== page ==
Parents of on the are faced with quite a few challenges in everyday life, but what happens when a family where one of the on the spectrum at some level wants to go on vacation?

Going on holiday with a child on the spectrum requires a lot of preparation, selecting an appropriate destination, planning times and devoting quite a bit of thought to running and preparing the child before since children on the spectrum do not flow with changes so easily.

Here are some tips to adopt when designing a family vacation to make it easier for you and your child to adjust more easily.

Select a close destination

If there is a choice, choose a destination as close as possible with a short flight.
If this is the first time that the child flies , it is better to make short flights.
If there is a need for a long flight, sometimes it is better to choose a flight with a call and a day’s rest between the connecting flight so as not to burden the child emotionally.

When you arrive at the airport, it is recommended that you obtain a medical certificate of your child’s condition, in order to receive preferential treatment and shortened lines for inspection and boarding.
It is recommended to choose a seat at the beginning of the plane so that you can leave quickly and go up the stairs without going through all the people and bags.

Plan ahead

Talk to your child a few days before the flight and share it about the process that is going to be marked with each of the steps you take to give it as much confidence as possible.
Children on the spectrum are difficult to adjust to change and the environment or new people, so the more you prepare them in advance and even show them pictures of the field, security checkpoints and everything they see and pass, the easier it will be at the moment of truth.

It is recommended to go into the details, for example:
“When we pass through the security check, you will have to go by yourself but I will be behind you. You will have to put your bag in a box on a moving track, and you will get it back a minute later.”

Repeat with the child several times about each stage and when you reach a point in the field, you can tell him – remember what is coming now?

Pack everything your child might need for the flight

Do not spare things, if there are items that soothe your child – a certain dish, doll, hat, garment, or any other object – take it with you to a flight including water and food. It is even recommended that they have a portfolio of their own, with the things they like, and that will give them some sense of security and belonging.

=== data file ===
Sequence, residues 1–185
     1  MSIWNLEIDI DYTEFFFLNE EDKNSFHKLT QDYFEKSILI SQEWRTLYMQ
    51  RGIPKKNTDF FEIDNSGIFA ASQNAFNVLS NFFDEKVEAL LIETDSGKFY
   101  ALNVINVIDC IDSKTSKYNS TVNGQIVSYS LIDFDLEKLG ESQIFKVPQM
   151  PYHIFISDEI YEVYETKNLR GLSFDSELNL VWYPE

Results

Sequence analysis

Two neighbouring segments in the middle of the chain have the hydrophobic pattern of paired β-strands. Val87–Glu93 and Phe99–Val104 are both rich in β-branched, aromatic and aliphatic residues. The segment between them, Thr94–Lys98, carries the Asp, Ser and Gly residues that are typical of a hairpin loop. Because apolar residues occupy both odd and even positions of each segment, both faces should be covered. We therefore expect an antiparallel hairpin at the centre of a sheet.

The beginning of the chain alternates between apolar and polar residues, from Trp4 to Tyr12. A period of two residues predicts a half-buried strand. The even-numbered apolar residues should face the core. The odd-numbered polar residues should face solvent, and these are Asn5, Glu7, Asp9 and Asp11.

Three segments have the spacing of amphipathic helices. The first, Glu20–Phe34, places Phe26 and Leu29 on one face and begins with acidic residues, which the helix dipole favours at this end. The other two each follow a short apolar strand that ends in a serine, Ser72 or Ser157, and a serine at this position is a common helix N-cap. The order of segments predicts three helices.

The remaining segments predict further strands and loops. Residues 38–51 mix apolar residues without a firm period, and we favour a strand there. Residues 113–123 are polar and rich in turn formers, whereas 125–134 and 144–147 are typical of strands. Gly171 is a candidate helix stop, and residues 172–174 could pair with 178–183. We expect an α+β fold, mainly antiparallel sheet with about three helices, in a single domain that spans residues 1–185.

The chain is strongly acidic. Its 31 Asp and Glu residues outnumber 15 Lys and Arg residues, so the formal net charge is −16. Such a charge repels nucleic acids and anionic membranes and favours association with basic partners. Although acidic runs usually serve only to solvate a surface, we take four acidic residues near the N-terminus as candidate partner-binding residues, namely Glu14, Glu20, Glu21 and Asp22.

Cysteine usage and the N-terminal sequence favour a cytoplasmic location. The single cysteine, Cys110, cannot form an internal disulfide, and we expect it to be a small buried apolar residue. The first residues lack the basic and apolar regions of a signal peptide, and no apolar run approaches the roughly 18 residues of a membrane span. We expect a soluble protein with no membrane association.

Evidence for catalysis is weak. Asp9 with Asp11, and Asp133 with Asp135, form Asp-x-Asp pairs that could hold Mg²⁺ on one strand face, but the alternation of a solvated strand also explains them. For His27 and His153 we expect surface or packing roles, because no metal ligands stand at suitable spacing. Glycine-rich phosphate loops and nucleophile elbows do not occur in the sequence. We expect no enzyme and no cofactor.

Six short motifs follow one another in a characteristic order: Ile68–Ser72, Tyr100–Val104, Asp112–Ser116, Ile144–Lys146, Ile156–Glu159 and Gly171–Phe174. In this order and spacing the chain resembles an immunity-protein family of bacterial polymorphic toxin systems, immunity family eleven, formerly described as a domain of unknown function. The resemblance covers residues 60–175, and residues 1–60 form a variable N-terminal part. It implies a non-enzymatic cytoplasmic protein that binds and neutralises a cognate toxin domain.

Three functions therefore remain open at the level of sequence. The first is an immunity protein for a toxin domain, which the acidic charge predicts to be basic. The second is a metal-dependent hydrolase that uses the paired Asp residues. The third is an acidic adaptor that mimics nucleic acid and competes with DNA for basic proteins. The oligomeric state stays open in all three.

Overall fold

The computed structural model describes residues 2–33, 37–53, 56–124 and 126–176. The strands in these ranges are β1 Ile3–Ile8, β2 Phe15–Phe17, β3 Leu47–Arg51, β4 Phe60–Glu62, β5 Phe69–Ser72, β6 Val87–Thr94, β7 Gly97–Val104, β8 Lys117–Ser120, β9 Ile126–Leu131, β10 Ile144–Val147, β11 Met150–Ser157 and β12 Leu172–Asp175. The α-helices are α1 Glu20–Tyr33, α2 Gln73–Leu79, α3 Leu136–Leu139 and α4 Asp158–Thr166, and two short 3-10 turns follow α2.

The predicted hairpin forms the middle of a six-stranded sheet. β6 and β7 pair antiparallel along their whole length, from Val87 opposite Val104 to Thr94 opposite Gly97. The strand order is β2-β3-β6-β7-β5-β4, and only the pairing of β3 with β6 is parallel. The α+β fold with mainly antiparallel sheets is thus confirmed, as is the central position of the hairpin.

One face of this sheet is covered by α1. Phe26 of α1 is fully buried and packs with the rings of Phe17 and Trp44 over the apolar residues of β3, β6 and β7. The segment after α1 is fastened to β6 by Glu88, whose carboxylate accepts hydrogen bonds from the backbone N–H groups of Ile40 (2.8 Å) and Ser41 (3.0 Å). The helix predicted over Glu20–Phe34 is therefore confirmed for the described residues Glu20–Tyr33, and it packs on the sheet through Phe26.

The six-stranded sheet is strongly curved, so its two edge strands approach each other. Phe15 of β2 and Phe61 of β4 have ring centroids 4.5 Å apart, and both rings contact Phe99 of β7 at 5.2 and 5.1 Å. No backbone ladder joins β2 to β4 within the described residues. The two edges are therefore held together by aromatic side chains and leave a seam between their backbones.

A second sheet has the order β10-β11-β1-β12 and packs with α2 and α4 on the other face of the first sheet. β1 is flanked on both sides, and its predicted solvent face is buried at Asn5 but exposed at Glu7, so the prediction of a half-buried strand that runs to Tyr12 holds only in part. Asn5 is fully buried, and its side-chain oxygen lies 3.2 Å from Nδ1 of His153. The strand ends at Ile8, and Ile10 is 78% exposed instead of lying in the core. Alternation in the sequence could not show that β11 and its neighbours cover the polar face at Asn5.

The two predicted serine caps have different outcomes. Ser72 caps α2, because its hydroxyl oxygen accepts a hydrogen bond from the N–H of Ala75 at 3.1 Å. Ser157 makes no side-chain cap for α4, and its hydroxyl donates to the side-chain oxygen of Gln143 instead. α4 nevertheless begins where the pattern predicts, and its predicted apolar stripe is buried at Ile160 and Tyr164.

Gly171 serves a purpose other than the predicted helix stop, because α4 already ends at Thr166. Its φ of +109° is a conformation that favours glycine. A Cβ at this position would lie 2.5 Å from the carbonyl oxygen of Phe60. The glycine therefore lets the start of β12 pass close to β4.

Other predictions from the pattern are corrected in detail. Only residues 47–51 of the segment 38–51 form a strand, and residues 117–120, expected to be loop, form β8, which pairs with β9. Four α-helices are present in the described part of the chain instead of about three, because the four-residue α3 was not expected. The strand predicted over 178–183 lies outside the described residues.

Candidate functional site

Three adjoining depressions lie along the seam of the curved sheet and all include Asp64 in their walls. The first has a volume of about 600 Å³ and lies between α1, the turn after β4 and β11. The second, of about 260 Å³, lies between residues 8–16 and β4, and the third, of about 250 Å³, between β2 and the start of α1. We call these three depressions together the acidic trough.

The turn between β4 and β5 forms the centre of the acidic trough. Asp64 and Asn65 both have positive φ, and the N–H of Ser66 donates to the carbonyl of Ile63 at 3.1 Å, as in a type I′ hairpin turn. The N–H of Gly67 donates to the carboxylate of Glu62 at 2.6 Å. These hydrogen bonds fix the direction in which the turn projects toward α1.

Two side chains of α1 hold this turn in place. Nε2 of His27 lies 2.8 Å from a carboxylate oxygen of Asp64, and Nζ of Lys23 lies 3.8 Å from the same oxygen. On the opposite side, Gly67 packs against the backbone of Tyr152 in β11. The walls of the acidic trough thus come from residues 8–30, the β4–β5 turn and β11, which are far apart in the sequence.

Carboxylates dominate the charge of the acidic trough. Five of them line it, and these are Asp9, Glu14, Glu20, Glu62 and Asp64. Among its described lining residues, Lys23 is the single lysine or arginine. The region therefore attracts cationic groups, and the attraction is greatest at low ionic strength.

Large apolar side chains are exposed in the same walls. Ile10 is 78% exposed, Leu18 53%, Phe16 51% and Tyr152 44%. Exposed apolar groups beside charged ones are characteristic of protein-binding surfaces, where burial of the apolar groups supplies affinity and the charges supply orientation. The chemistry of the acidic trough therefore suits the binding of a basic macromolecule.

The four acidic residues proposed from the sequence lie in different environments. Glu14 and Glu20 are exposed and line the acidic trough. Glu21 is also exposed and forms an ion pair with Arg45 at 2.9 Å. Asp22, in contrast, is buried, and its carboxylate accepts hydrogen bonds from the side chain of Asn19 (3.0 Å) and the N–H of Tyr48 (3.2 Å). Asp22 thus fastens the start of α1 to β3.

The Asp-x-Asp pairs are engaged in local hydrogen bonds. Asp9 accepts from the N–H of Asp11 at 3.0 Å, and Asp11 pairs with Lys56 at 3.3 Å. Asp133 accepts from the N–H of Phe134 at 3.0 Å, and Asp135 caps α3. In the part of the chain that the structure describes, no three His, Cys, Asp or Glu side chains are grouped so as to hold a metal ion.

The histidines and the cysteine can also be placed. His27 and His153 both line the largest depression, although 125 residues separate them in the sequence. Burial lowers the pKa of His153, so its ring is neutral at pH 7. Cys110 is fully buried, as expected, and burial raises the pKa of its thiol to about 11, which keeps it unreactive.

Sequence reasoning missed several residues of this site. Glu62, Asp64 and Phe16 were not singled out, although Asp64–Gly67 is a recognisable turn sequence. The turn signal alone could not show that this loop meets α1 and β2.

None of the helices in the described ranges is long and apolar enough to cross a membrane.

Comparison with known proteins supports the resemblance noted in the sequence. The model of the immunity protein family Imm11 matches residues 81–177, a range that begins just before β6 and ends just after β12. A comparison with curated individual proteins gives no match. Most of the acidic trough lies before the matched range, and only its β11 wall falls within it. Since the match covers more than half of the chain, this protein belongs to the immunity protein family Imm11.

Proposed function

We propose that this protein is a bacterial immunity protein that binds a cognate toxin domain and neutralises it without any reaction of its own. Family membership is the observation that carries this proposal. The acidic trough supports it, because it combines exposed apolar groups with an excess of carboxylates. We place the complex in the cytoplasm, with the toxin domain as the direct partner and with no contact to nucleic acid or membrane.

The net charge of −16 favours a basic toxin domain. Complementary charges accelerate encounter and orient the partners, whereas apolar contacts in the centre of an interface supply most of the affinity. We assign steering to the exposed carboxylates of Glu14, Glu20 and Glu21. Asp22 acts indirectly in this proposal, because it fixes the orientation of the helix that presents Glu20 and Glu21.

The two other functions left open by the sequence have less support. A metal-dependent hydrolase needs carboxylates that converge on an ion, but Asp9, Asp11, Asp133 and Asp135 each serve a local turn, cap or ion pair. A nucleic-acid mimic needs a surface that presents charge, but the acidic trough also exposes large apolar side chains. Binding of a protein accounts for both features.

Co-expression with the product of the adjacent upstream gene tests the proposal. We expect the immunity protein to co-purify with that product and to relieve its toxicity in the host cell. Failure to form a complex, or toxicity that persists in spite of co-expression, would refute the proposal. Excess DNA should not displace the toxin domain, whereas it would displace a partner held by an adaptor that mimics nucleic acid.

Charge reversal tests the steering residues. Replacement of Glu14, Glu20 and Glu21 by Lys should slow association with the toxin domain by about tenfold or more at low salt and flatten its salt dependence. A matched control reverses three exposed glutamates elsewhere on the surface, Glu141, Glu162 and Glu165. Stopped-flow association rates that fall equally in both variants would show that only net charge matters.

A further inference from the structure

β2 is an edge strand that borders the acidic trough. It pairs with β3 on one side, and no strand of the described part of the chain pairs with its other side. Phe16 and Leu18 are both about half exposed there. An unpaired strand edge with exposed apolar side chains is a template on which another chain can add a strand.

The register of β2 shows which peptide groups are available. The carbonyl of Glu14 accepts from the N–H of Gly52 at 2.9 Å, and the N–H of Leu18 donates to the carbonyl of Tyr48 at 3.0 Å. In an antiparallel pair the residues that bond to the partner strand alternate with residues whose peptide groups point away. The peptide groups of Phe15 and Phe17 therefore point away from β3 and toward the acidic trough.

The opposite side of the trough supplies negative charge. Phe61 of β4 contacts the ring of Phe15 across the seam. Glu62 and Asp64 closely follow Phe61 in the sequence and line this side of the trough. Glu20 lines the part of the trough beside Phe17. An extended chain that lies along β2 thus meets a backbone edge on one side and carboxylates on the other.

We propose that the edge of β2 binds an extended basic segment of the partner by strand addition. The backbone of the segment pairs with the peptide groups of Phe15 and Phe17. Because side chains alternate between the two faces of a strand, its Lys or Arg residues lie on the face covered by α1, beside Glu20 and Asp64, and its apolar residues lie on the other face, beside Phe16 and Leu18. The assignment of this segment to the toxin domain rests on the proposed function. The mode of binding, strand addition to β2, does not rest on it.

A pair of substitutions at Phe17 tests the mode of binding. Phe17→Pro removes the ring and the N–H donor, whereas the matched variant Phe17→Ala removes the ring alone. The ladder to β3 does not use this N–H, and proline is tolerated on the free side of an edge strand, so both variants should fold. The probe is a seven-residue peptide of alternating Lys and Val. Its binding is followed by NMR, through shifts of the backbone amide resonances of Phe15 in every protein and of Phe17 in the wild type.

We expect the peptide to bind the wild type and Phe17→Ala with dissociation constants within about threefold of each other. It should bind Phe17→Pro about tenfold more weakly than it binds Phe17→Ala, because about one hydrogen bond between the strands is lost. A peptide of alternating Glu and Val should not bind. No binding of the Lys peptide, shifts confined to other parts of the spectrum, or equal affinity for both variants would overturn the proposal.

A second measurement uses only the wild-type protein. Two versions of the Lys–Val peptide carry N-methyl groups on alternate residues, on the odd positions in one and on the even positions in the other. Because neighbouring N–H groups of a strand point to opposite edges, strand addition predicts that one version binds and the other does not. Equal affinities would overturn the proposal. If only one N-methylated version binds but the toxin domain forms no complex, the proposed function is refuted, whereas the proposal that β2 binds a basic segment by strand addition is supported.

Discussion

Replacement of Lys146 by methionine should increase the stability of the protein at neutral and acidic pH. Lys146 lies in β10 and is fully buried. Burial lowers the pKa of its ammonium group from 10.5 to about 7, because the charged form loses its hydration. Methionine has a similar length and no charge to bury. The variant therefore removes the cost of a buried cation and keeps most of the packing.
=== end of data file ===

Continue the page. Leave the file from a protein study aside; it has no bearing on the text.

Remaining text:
In most of the world’s largest airports, there are special waiting rooms for children on the spectrum with fewer sensory stimuli, try to check if there is any such destination from which you fly.

It is also advisable to consult with the airline regarding the recommended seats for your child, and where the flight attendants will be more convenient to help or calm if necessary. Usually, the front of the plane is less noisy and there is more space if you have to get up with the child and not be at the end of the plane, where there are long lines for the bathroom and a lot of movement and stimulation.
Children on the spectrum may also want to kick or knock on the seat in front of them, so you may want to ask the staff for a seat without someone in front of you, so as not to disturb other passengers.

Be patient. Stay calm

Your child may express his frustration and fear by shouting or crying, feel comfortable and try to console him and calm him down. Do not get excited about the people around you.
Some of them will stare, but that should not interest you.

It is recommended to let the child sit by a window. It can give him a sense of security and make him interested in distracting him from an unfamiliar situation.
However, if your child is frantic when pressed, it is best to seat him in the aisle so that he can get up and walk freely.

Try to assure your child that if he behaves well, he will receive a reward when he lands – whether it’s a milkshake or an ice cream or a toy he wants.

Only you know what is good for your child

Try to consider him and his sensitivities when planning a family vacation.

Sometimes it is best to make a short vacation of 3-4 days to the first time abroad, so as not to cause the child to market too large.

Try to prepare all sorts of alternatives and entertainment ideas and understand if your child is going through a bad time and needs time to relax in a quiet, uninvited hotel room.

If there are other children in the family, plan that in the worst case, one of you will travel with the other children and the other will do something solid and calm with the child who is hard for him.

This is a challenging task but definitely possible and if you get calm and with the right temperament, this can be a fun family vacation.